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Epileptic seizuresThere is something especially mysterious and frightening about epilepsy; even more so about Sudden Unexpected Death in Epilepsy (SUDEP). Disturbed brain circuitry throws you into a state in which any control over your body and mind may be lost for the duration of the attack; occasionally, it can even take your life.
Two recent BBC articles focus on epilepsy in the UK. The first is about the epilepsy care scandal brought about by a parliamentary report. It concluded that nearly half of about 1,000 epilepsy deaths in the UK every year, are due to either misdiagnosis or lack of proper treatment.
The other article, about death of 11-year old Becky Scrivens (on the photograph), puts human face on this sad statistics.
What makes epilepsy even more mysterious and frightening is that so called "official medicine" is still unable to answer the question: what is causing epileptic seizures? While a number of possible triggers are known, as one of the articles states, the very origin of what is happening is still pretty much a guess. Some sort of brain injury (pathological cause) or genetics are suspected, but no exact cause has been pinpointed so far.
Really, what exactly could it be that makes our brains all of a sudden vulnerable to such common events as sleeping, awakening, constipation, menstruation, tiredness, anxiety or flashing lights?
As usual, official medicine ignores nutritional factors. There is quite a bit of evidence in scientific studies establishing very definite link between epileptic seizures and sensitivities in general, and food sensitivities and allergies in particular. Mercury from amalgam fillings is often implicated as significant factor. Also, epilepsy symptoms could easily be among a number of possible more or less complex outcomes originating in nutritional deficiencies, such as mineral deficiencies, or taurine deficiency9.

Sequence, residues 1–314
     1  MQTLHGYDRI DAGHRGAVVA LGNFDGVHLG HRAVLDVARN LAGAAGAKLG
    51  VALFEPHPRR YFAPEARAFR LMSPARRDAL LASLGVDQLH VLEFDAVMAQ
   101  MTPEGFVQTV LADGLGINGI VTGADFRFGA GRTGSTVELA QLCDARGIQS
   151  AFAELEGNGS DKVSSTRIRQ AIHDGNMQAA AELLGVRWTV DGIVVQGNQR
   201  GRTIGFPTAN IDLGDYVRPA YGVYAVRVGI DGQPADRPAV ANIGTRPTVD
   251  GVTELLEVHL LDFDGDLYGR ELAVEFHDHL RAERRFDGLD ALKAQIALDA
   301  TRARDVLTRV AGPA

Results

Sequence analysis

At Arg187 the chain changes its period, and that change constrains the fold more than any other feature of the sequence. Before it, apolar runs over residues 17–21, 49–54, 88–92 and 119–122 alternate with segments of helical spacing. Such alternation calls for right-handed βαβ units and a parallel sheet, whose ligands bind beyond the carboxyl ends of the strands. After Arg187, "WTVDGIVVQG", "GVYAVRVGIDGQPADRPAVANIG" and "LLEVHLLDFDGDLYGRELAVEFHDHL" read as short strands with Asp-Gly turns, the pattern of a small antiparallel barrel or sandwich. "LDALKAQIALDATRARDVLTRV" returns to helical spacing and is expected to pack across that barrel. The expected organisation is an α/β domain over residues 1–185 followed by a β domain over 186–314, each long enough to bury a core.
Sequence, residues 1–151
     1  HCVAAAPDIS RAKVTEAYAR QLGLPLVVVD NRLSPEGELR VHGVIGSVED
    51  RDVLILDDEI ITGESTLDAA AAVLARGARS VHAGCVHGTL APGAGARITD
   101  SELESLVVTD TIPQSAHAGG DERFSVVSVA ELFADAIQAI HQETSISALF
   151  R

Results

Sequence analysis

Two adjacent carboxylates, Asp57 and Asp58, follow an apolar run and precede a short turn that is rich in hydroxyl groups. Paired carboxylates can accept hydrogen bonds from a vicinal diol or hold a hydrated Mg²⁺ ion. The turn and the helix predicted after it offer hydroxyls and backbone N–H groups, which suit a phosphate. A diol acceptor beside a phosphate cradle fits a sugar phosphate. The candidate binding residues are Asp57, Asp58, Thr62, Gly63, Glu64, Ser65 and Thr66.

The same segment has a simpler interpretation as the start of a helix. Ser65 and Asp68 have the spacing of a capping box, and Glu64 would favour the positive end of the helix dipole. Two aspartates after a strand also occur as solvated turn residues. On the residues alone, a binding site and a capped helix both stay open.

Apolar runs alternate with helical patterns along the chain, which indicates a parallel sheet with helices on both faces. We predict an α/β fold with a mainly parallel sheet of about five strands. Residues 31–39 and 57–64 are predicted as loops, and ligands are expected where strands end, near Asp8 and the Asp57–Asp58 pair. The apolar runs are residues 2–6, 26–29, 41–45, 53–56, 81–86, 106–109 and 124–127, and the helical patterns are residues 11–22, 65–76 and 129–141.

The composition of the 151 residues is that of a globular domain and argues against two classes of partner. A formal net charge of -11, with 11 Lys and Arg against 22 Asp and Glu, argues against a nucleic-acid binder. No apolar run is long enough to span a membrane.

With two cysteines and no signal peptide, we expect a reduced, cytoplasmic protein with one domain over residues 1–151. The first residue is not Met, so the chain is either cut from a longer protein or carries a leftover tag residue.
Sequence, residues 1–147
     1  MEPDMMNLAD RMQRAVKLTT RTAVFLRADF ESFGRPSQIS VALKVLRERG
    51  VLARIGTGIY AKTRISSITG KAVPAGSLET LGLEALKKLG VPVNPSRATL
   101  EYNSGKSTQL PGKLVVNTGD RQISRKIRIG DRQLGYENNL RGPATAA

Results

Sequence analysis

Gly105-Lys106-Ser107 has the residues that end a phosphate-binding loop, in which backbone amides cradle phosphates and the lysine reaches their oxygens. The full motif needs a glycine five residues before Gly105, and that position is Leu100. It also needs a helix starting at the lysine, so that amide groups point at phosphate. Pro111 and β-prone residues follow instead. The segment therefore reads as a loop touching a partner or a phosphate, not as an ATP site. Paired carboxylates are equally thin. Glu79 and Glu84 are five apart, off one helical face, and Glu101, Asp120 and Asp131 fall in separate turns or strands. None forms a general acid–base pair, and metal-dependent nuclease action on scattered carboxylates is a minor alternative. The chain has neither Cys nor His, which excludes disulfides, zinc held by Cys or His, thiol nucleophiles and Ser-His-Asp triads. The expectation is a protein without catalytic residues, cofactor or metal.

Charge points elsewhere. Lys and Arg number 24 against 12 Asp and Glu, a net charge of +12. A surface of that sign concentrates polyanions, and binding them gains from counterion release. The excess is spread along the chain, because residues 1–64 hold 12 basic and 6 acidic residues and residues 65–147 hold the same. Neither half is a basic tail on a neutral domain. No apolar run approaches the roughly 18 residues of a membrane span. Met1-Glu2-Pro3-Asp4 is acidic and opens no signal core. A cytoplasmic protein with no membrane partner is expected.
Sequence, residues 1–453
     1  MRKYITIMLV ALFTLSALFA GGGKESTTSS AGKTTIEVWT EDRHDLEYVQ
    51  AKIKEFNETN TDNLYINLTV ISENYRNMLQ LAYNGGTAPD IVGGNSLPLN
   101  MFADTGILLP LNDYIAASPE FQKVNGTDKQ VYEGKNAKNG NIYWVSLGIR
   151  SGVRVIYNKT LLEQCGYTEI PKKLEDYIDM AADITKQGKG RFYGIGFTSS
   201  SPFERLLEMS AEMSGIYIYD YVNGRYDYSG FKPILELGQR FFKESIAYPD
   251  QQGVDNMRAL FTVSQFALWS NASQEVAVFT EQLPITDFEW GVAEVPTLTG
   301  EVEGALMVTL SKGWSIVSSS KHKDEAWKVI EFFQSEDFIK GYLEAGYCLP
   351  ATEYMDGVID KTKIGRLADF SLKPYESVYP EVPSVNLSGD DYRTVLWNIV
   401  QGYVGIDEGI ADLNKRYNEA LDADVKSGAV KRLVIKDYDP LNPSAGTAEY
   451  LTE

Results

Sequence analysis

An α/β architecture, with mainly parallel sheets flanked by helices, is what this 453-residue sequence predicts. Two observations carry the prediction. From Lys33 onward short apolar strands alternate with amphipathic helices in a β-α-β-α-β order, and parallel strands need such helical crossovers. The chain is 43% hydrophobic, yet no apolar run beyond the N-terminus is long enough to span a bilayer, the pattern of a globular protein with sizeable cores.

While it is still only a part of the whole picture, these factors should be the first to rule out - or confirm - when looking for the cause of epilepsy symptoms. Simply because thoroughly checking nutritional status and metabolic profile, with focus on the possible consequences on brain function,
should be the very first step in the treatment of epilepsy,
and analogous approach should be followed in the case of any serious disease, or possibility of it. Of course, it assumes a doctor looking for the cause of a disease, not just for another routine drug prescription to fill out.
That alone would also significantly reduce the number of misdiagnosed folks, which was what actually led to Becky's death. She was repeatedly misdiagnosed with migraine, despite her seizures clearly pointing to the possibility of a more serious problem. Misdiagnosis is much more likely if patient's complete nutritional/metabolic profile is ignored, and no attempt is made to follow a symptom down to its roots. Unfortunately, rather a common practice in today's drug-the-symptom medicine. R